What is PSCORE?
PSCORE stands for People for Successful COrean REunification! We are a non-profit NGO based in Seoul, South Korea, that addresses potential barriers to reunification and assists North Korean refugees in adapting to life in South Korea. PSCORE was founded in 2006 by Kim Young-Il, a former North Korean soldier himself who managed to escape the country with his family and successfully defect to the South.
Prior to Japanese colonization and the division of Korea, the original spelling of ‘Korea’ contained the letter ‘c’ but was later replaced with the letter ‘k’. PSCORE adopted the original spelling, ‘Corea’, to further emphasis its goal of a reunified peninsula.
PSCORE’s Staff is comprised of both South and North Korean nationals, as well as interns and volunteers from countries around the world. PSCORE provides an open platform to discuss human rights in North Korea and suggests alternatives to North-South relations, as well as educational programs for North Korean refugees to further foster their adaptation to life in South Korea and increase their English-proficiency skills.
What do we do?
Today, PSCORE is working towards its goal of a successful reunification though public exposure and various enrichment programs, such as our Mentoring and Education Program and our Human Rights and Democracy Program. We also provide emergency aid to North Korean refugees in China through a discrete and secure series of networks, and all of our programs are designed to garner support and raise awareness of human rights violations in North Korea.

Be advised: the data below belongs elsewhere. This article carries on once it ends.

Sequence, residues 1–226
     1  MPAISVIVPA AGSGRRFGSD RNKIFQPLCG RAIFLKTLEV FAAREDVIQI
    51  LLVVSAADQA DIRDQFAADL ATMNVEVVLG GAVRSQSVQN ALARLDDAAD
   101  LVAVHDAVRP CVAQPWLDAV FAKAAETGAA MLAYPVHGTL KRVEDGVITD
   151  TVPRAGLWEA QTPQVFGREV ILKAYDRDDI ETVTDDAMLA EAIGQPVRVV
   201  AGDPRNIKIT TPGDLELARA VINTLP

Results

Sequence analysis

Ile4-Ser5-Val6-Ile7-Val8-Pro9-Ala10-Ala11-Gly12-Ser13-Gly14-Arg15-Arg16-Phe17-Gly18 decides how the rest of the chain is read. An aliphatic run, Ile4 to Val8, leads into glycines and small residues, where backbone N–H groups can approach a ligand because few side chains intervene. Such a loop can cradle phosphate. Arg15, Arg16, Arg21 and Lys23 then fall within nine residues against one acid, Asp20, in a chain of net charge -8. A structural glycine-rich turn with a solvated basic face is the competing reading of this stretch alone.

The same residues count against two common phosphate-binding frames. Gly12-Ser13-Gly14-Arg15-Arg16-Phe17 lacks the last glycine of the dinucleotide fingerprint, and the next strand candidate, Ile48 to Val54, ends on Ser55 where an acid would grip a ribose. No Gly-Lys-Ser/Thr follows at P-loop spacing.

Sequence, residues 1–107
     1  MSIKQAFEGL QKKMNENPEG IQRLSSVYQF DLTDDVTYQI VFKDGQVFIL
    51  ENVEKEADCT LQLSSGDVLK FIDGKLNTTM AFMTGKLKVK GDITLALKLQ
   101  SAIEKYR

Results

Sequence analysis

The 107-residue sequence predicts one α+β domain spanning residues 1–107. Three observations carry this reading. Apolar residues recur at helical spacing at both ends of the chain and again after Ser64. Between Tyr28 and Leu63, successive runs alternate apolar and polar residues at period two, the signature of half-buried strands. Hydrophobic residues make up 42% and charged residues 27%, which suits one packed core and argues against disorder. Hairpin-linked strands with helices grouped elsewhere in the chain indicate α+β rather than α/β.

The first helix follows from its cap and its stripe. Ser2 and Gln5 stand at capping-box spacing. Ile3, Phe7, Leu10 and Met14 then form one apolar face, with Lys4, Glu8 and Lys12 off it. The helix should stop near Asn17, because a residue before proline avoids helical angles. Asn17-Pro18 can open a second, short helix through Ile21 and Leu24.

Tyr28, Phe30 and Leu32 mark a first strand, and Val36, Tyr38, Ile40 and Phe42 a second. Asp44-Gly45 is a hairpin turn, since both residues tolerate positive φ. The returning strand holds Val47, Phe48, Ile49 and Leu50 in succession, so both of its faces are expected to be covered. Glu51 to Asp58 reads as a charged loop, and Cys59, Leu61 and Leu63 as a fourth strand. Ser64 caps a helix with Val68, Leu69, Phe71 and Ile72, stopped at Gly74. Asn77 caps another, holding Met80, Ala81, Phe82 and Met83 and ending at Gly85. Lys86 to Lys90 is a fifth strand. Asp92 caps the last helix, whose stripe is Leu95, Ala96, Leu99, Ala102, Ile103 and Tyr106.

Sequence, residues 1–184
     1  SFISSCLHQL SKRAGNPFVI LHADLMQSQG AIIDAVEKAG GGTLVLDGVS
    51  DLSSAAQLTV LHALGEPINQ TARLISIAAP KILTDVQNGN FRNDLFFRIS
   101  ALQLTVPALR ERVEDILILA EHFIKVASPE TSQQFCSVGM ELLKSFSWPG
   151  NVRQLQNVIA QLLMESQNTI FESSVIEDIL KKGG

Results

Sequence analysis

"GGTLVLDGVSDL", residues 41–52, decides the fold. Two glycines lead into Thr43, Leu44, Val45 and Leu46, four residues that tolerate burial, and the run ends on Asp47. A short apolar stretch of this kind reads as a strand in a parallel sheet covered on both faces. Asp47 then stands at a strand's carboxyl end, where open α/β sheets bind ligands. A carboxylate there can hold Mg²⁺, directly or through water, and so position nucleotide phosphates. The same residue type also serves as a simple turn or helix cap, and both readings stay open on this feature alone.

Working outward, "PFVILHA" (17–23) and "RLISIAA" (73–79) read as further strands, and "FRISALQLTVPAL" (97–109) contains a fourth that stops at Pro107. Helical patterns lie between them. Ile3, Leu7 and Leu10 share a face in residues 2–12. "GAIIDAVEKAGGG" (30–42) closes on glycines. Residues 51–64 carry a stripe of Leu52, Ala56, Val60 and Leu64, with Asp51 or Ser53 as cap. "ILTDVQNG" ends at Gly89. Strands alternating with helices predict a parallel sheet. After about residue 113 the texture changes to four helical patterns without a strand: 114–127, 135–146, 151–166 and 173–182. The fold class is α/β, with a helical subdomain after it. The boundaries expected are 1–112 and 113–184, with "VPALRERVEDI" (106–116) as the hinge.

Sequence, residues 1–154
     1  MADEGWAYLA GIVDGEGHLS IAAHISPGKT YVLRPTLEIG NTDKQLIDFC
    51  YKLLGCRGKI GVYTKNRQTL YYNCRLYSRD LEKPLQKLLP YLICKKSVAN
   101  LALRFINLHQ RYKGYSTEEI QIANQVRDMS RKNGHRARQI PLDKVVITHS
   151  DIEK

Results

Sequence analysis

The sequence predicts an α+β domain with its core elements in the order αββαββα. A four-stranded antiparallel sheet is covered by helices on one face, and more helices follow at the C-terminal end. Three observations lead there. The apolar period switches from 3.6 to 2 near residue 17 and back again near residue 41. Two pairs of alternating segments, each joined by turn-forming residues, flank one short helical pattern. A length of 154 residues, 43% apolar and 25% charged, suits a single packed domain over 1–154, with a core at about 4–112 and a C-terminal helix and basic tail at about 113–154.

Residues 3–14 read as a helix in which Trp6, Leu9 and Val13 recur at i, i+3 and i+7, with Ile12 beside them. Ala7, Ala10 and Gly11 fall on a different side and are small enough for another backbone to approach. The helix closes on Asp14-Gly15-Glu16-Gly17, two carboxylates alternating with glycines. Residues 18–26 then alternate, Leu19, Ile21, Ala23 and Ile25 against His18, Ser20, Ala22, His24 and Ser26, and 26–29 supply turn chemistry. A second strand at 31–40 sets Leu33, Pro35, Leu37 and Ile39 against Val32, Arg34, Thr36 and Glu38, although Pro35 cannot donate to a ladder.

Since its founding in 2006, PSCORE has been an active and outspoken advocate for the protection of human rights in North Korea and is the only NGO focusing exclusively on North Korean Human Rights with UN Economic and Social Council (ECOSOC) special consultative status since 2012.
Find out more about our missions and how you can get involved.
What is our main objective?
The ultimate mission of PSCORE is to ensure a successful, secure, and sustainable reunification of the Korean Peninsula through inter-lateral cooperation and well-structured policies.
We aim to empower North Korean refugees through our education programs and provide the necessary tools for them to become self-sufficient in their new societies.
Our Programs Help North Korean Refugees
Connect with South Korean nationals and the international community to foster global cooperation and understanding
Participate in the democratic processes and lobby for social and political reform in North Korea
Enhance their ability to become self-sufficient and contribute to the reunification process
Build information networks to educate the international community on human rights abuses in North Korea
Achieve leadership roles in the public and private sectors and become contributing global citizens